"Before, my game was walks, walks, walks and base hits," Eric Arce said. "I came here and just decided to swing the bat a little bit and a little bit harder, and focus a little bit more. My extra base hits and power numbers have just sky-rocketed right now."
In 27 games and 85 at-bats for the Gulf Coast League Blue Jays, Arce is batting .212 with 20 runs batted in to go along with those six home runs. He also has three doubles and two triples, good enough for a .506 slugging percentage.
"I think I've been playing fairly well," he said. "I think I've been getting better as a player each and every day, and that's all I can really say. I'm doing the best I can to help the team win. It's fun being a professional, fun being a Blue Jay."
Arce spoke about how he's been hitting for power despite his smaller build. He certainly doesn't have the look of a prototypical power hitter that you'd find in the middle of a lineup.
"Since I do have a little power, I decided to put just a little bit of lift in my swing, and it's been working so far," Arce explained. "I can't complain about it because I'm hitting home runs, getting extra base and it's helping the team out."
GCL Batting Coach Paul Elliot also discussed Arce's power. While Elliot is pleased with Arce's swing, he wants the lefty to also be able to hit the ball to other parts of the field.
"He uses his lower half pretty good. He gets to balance pretty good," Elliot said. "He's just gotta try to stay through the middle more. All of his home runs have been to the pull side and we'd like to see that more to the right-center, left-center, through the middle. When he does that, he swings pretty good."
Though a lefty at the plate, Arce has maintained a higher batting average against left-handed pitching than he has against right-handers. He's batting .227 against southpaws, and .206 versus righties. These statistics weren't much of a surprise to Arce, who acknowledged that he does feel more comfortable hitting left-handed pitching.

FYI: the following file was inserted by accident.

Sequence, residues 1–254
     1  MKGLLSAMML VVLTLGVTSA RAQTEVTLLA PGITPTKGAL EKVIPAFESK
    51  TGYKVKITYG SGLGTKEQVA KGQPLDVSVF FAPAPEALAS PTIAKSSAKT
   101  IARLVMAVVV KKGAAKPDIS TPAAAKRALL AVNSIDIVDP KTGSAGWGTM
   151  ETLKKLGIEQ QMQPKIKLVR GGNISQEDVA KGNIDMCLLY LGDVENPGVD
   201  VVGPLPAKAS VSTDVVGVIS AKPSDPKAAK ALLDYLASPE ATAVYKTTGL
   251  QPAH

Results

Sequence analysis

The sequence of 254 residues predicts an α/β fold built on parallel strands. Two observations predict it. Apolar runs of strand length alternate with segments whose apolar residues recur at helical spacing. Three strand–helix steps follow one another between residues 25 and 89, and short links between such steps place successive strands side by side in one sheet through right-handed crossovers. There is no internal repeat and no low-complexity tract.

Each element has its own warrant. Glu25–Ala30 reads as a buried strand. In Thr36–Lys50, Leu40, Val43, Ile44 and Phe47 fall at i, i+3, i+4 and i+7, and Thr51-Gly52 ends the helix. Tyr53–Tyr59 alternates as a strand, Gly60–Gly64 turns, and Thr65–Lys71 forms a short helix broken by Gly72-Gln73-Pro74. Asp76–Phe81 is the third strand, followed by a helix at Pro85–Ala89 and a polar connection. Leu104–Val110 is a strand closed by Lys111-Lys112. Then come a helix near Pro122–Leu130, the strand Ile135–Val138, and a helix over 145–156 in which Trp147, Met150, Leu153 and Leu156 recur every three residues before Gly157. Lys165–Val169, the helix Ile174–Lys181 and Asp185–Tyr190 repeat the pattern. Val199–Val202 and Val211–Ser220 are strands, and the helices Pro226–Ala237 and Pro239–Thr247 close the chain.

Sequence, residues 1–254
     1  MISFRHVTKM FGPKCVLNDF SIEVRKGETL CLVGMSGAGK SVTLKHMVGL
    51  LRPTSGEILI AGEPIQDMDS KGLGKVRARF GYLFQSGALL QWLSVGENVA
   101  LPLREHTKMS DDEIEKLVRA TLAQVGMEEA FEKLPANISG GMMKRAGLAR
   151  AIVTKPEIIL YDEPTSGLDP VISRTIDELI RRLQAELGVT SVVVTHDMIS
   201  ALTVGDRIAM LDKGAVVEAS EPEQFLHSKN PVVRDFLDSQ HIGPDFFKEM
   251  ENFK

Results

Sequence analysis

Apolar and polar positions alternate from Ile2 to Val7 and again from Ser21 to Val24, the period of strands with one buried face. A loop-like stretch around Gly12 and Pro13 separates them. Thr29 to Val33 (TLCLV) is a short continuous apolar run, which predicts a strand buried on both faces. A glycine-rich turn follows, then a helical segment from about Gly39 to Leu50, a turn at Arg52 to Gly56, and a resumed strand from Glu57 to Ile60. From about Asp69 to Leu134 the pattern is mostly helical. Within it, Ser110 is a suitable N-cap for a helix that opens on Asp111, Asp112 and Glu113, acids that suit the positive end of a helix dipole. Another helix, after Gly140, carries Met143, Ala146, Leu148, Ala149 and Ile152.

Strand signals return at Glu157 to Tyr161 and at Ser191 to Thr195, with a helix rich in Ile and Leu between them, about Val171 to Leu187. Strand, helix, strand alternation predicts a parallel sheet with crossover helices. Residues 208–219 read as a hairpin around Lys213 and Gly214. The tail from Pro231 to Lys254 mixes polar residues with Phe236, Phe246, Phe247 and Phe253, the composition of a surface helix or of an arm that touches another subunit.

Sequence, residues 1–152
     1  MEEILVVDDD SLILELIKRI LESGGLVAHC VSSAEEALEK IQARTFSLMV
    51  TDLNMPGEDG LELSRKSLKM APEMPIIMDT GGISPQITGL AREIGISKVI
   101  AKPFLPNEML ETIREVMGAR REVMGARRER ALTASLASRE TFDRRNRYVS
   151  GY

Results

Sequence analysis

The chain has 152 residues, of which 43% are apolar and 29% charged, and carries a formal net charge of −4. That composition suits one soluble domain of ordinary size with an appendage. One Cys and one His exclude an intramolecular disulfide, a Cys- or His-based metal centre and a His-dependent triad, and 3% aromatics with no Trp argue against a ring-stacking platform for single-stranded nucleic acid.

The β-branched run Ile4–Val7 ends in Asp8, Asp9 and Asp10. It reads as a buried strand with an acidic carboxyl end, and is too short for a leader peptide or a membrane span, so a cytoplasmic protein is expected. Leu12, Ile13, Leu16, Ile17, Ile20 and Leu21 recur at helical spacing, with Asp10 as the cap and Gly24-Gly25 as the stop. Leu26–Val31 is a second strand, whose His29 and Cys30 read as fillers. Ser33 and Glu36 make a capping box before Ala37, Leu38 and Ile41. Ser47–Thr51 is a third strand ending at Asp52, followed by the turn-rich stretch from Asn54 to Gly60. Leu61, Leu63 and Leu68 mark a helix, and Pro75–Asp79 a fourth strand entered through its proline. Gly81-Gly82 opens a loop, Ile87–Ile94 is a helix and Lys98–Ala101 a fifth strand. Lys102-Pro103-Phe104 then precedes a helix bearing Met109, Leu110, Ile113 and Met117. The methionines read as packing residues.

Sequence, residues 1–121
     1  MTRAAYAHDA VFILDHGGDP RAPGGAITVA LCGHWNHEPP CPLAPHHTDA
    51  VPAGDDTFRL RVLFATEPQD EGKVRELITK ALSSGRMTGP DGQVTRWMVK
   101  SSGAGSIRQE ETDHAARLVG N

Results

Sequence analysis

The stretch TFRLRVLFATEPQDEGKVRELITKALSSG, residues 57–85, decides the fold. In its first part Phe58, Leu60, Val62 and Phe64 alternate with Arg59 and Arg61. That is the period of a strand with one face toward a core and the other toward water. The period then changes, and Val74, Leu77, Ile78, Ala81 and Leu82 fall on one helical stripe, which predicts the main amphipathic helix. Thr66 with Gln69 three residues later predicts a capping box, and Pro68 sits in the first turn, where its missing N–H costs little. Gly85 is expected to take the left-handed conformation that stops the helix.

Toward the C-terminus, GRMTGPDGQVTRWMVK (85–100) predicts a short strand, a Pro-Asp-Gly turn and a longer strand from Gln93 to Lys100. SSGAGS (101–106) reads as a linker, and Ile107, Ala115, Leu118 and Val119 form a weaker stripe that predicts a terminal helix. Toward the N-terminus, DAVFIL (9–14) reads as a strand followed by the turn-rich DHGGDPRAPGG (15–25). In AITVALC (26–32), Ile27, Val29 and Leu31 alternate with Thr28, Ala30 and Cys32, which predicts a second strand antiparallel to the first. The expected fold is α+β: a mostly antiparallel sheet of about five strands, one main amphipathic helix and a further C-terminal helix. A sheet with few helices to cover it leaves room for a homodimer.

"Lefties have a tendency to throw outside, and when I face a left-handed pitcher, it's easier for me to keep my shoulder inside the ball to hit the ball up the middle," Arce stated. "I know it sounds weird, lefties hitting lefties better, but to me, I think it's easier to hit."
Arce seems to be improving his offensive game as the season progresses. While his batting average has left something to be desired so far, he has hit safely in six of his last 10 games, touting a .270 average in that time. His defense, though, is an aspect that he must work on. Arce grew up in the game of baseball as a catcher and infielder, but now with the Jays, he gets most of his playing time in left field.
"I have to learn how to play a totally new, different position," Arce said. "It's fun, though. I get a lot of work out there and coaches are very knowledgeable and helping me out."
Putting it simply, Elliot said that Arce has a lot of work to do in the field. Among the areas to focus on, Elliot listed Arce's throwing, route to the ball and attack of the ball.
For Arce, who is in his first season as a pro player, he knows there is a lot to improve on. He isn't limiting his workload, as he wants to get better in all areas of the game during his time in GCL.
"I would like to improve on obviously my entire playing ability," he said. "I want to get better defensively. I want to get better hitting. I want to get bigger and stronger and if I keep putting in the work I'm putting in now, then eventually, over time, it'll all come together."
Arce Packs Powerful Punch
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